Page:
The form of the Hamiltonian in Eq. (2.1) is relevant to a plethora of physical situations. For example, it describes Heisenberg and quantum Ising chains,28 which are important in the understanding of ferromagnetic materials and in the study of quantum phase transitions. With minor modifications, this Hamiltonian can be adapted to describe the vibrational dynamics of simple molecular chains (e.g., cumulenes), as well as the dynamics of exciton transfer in single file-arranged molecular aggregates.
Dynamical observables, at zero or finite temperature, can be obtained from the evolution of the density operator
where . The initial condition may correspond to a pure state, or may describe a mixed ensemble, e.g., may be given by the Boltzmann operator. Throughout this section, it is assumed that the initial density operator factorizes, i.e.,
Upon propagating the density operator in time, multiplying with an operator and taking the trace with respect to all units, one obtains the expectation value of this operator as a function of time. The operator may correspond to a property of a particular unit, or to a property of a number of units. In this section, it is assumed that . For example, if a property of unit α1 is sought, (the identity operator for monomer α) for all α ≠ α1.
The path integral representation of the density operator is obtained by expressing the time evolution operator (and its inverse) in terms of shorter time operators using the exponential identity
where Δt = t/N is the path integral time step, using the resolution of identity
and applying the Trotter factorization,29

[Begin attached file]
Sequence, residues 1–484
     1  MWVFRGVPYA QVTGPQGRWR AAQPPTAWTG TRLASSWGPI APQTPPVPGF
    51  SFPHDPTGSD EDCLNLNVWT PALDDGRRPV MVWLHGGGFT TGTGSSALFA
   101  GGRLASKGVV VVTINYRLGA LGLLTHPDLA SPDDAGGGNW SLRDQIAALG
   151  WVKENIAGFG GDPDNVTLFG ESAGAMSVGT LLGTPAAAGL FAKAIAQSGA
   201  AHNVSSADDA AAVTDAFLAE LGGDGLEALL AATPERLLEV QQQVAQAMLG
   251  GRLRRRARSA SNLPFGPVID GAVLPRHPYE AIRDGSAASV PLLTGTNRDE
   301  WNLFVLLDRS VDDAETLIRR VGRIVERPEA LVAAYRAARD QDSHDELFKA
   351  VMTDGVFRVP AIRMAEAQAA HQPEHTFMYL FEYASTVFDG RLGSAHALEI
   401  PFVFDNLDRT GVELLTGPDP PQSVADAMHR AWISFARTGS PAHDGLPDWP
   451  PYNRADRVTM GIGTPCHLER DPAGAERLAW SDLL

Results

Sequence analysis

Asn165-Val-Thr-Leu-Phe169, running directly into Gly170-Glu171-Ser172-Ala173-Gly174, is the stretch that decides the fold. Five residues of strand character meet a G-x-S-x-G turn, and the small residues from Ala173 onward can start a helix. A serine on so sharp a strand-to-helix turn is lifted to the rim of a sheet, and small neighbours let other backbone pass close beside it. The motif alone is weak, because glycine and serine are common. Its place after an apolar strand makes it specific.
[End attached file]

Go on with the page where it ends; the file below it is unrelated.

With the Hamiltonian of Eq. (2.1), the Trotter-factored short time propagator becomes
The single-unit factors can be obtained by using the eigenstates and eigenvalues of the corresponding operators,25,27 i.e.,
Using Eq. (2.9), one arrives at the discretized path integral representation for the expectation value of ,
where . For each unit, the sequence of states forms a discrete path in the forward time direction, while the sequence defines a path along the backward time direction. Thus, there are (Mα)2N+2 forward-backward paths for each monomer, and Eq. (2.12) contains a total of terms. The instantaneous states along the paths are the discrete analogue of the path coordinates or “beads,” which are encountered in equilibrium path integral calculations in continuous coordinate space. The use of discrete states in the path integral (made possible via a DVR of the path integral,26 even in the presence of an influence functional) has been shown to be the optimal representation for real-time calculations.
Even with the smallest possible value of Mα = 2, the number of terms is 2(2N+2)n, which typically is not amenable to direct summation. As discussed in the Introduction, Monte Carlo methods encounter a disastrous cancellation in real-time path integral calculations.10,11,30 The most promising approach is to look for decompositions of the integrand, which would allow evaluation of the sum in smaller (thus manageable) tasks involving ordinary quadrature or a combination of quadrature and Monte Carlo procedures. The latter has proven to be a very successful strategy in the context of the quantum-classical path integral (QCPI),31–33 which has been shown feasible even in the presence of oscillatory phase factors from thousands of atoms.34